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Linda Naeve, Reiman Gardens, (515) 294-2710,
Jean McGuire, Continuing Education and Communication Services, (515) 294-7033,

Pussy Willows Usher in Spring

By Linda Naeve
Extension Coordinator,
Reiman Gardens

A specific fragrance, a special song or a familiar place may bring back warm memories of people or events. The sight of pussy willow trees in the spring always brings back wonderful memories from my childhood. My aunt and uncle had the largest pussy willow tree I had ever seen growing near the shores of their small farm pond. Nearly every Easter, my aunt and I would cut several branches with many soft, furry buds.

This week's Reiman's Pick - the pussy willow tree - is one of the first plants to wake up after winter. Although most plants are still dormant, pussy willows bloom early in the season with a display of soft buds that open into puffs of delicate, yellow flowers.

The North American pussy willow, Salix discolor, is native to wetlands of Canada, and the eastern United States. Its equivalent in Europe is "goat willow," Salix caprea. Like all plants in the Salix, or willow, genus, pussy willow trees are dioecious, meaning there are separate male and female plants. The flowers on willows, called "catkins," contain numerous tiny flowers. The buds on the male pussy willow tree look different and generally are showier than those on the female tree.
Pussy willow trees grow in wet environments in their native habitat and are the ideal plant for a wet or poorly drained area. However, if given ample moisture, they can be grown successfully in nearly any backyard. They do best in full sun but tolerate partial shade.

Many gardeners plant pussy willow trees in their landscape for the beauty of their gray, silky buds and flowers. Unfortunately, pussy willows have invasive roots and should be planted away from septic tank fields, sewer lines or water lines. The invasive nature of their roots is an advantage, however, when they are planted to prevent erosion along stream and pond banks.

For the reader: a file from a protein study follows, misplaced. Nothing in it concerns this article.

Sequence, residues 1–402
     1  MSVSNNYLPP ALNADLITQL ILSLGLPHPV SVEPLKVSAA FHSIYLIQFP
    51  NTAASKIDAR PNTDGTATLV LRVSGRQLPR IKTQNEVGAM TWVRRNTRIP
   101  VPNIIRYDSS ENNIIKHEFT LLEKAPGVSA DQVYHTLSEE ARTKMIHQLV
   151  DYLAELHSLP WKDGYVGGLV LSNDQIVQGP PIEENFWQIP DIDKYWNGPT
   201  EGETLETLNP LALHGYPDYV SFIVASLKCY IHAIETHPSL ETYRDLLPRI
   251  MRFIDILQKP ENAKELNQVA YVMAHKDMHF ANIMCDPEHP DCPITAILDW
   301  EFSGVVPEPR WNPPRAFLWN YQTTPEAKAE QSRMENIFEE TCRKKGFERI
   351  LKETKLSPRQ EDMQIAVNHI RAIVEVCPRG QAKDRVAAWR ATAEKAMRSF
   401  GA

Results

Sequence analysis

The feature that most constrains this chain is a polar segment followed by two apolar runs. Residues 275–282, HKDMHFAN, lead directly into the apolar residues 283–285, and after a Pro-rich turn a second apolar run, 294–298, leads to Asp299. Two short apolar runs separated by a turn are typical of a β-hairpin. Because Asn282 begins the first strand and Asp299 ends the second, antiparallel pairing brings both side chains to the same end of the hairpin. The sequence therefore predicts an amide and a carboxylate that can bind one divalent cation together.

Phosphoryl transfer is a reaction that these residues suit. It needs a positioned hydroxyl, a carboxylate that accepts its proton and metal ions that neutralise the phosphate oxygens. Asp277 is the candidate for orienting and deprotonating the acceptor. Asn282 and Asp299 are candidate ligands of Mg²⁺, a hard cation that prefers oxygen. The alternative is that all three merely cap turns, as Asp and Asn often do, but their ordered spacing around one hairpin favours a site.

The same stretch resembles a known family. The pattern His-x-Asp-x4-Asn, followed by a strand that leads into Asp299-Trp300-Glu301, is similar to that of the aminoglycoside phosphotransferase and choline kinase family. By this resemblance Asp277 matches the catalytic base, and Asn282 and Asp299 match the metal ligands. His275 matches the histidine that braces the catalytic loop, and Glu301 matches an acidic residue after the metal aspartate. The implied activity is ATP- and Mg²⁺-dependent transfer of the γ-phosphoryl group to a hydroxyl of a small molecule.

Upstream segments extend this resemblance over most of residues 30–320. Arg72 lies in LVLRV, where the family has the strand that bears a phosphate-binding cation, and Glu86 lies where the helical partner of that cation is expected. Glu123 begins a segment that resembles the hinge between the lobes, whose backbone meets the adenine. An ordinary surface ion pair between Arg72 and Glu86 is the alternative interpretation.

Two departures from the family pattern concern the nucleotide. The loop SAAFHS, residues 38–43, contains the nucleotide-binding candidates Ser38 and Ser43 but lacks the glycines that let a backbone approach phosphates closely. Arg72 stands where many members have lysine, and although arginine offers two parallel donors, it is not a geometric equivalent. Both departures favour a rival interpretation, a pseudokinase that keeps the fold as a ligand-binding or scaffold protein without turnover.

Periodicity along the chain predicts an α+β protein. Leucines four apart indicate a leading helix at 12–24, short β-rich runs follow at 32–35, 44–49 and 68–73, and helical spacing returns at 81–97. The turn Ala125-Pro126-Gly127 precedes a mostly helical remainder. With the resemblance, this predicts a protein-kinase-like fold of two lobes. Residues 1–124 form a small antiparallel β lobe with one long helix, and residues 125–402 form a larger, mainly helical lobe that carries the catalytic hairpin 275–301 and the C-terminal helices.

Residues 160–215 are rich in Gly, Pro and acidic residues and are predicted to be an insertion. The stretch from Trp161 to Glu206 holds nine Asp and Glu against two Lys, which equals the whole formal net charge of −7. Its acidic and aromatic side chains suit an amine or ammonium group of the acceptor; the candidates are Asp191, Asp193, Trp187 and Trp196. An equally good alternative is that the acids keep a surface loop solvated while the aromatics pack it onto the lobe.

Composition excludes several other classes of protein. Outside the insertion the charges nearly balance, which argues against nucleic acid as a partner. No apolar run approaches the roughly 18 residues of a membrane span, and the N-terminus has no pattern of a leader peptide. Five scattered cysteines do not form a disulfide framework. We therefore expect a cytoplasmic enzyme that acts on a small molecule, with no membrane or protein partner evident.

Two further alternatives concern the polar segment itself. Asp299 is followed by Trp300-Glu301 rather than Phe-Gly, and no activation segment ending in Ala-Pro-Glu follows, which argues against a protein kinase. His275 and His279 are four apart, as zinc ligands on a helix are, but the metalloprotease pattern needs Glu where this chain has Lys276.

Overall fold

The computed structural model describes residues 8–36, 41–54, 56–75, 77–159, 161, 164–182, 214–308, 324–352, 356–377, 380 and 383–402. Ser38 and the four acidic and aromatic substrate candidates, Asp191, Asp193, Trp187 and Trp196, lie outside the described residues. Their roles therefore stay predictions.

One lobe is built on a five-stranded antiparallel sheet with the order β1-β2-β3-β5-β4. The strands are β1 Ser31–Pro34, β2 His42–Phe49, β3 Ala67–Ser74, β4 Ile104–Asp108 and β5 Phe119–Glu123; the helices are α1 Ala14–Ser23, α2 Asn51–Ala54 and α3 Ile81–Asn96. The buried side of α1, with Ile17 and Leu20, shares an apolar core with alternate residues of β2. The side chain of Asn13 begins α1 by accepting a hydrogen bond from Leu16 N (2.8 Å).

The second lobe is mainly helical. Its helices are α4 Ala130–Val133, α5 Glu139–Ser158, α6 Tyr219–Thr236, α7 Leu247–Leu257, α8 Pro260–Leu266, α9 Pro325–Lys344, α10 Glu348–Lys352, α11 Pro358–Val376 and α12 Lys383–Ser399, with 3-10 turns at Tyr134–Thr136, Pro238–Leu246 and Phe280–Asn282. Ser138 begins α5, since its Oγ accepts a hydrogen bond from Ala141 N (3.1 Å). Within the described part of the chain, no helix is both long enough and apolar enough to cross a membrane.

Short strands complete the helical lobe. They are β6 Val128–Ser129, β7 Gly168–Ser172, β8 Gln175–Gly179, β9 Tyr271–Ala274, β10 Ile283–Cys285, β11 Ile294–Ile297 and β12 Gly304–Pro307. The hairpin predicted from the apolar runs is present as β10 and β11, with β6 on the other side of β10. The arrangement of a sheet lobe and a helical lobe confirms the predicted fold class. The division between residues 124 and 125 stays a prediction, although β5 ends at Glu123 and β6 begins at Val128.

Pussy willows are considered a small tree or a multistemmed shrub that can grow up to 30 feet in height. If left alone, they become bushy and unkempt in appearance. Pussy willows require severe pruning nearly every year to keep the plants strong and healthy. Don't be afraid to remove long branches to enjoy in spring arrangements.

Ed Moran, assistant garden superintendent at Reiman Gardens, uses a European technique called "coppice pruning" or "stumping" on the pussy willow trees at Reiman Gardens. Every spring, after the plants have flowered, but before leaves start to appear, he cuts the stems to within six to eight inches of the ground. This severe pruning encourages vigorous regrowth and prolific flowering the following spring. It also keeps the plant more compact with long, straight stems free of side branches. Coppice pruning maintains the plant as a multi-stemmed shrub.

My memories of pussy willow don't end on Easter Sunday. I always took the branches home, removed the lower buds and put them into a large vase of water. They made a long-lasting spring arrangement. I was surprised and pleased to see the branches begin to leaf out once the flowers faded. When my mother thought it was time to discard them, I was amazed to find that the stems had developed roots in the water!

Rooted pussy willow branches can be planted in the landscape when the roots are 3 to 4 inches in length and after the threat of frost is past. Keep them well watered throughout the summer.

You can see beautiful pussy willows in the Patty Jischke Children's Garden at Reiman Gardens. They have ushered in spring with a spectacular display.
To learn more about the Reiman Gardens at Iowa State University visit us on the Web at:


Editors: Two color photos, suitable for publication, are available at right. Click on each thumbnail photo to go to the fullsized photo. The top picture's fullsize photo is 256K and the bottom picture's fullsize photo is 320K.

Caption: Pussy willow 1

Caption: Pussy willow 2

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